I’ll meet you for a square dance over their graves.

    Yay though I walk through the Silicon Valley of the shadow of death…. I will fear no Evil.

    Remember: we’re one election away from this going back in the fascist direction.

      notamemberofanyorganizedpolicital in reply to TheFineReport.com. | October 15, 2020 at 11:09 pm

      Some interesting thoughts on that.

      “……There is no denying the fact that the four years of the Trump presidency have been unusually tumultuous in the American political history, but if one takes a cursory look at the list of all the Trump aides who resigned or were otherwise sacked, almost all of them were national security officials.

      In fact, scores of former Republican national security officials recently made their preference public that they would vote in the upcoming US presidential elections for Democrat Joe Biden instead of Republican Donald Trump against party lines.

      What does that imply? It is an incontrovertible proof that the latent conflict between the deep state and the elected representatives of the American people has come to a head during the Trump presidency.

      Although far from being a vocal critic of the deep state himself, the working-class constituency that Trump represents has had enough with the global domination agenda of the national security establishment. The American electorate wants the US troops returned home, and wants to focus on national economy and redress wealth disparity instead of acting as global police waging “endless wars” thousands of miles away from the US territorial borders…..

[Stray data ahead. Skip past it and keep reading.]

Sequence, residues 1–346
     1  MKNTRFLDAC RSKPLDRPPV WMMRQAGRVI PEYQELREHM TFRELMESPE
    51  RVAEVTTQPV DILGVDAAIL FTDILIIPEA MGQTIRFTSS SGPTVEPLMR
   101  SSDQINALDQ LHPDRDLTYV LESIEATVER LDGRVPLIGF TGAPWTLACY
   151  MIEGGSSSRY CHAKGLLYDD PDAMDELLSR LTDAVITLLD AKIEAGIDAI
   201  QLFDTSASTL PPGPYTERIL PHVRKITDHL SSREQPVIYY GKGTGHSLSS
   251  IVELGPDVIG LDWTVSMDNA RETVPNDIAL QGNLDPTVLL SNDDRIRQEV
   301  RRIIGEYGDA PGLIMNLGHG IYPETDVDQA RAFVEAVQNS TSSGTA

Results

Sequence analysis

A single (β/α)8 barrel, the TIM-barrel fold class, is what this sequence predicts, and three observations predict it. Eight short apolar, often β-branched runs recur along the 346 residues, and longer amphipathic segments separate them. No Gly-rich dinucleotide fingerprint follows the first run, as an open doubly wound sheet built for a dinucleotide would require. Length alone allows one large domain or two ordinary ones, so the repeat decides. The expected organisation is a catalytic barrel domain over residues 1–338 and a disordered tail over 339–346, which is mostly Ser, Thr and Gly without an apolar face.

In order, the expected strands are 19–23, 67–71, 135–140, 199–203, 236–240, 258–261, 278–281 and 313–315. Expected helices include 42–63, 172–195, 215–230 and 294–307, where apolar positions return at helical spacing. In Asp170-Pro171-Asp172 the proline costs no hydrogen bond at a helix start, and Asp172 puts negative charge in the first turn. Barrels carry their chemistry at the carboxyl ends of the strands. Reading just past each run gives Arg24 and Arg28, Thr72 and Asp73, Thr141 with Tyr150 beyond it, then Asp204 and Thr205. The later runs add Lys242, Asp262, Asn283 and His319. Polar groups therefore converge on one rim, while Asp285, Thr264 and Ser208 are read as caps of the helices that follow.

https://www.zerohedge.com/markets/trump-vs-deep-state-will-trump-upend-neocolonial-world-order

    I just call ’em twitface.

How ironic (prescient ) that Winston Smith wrote (rewrote) for The Times. The Gray Lady needs to dig deeper “memory holes” to bury the truth.

These companies have made a clear case in full public view for regulation and/or break up. Assuming a Trump and r victory they are going to be faced with the pendulum not returning to neutral but pulled as far in the opposite direction as the execs chose to place it currently.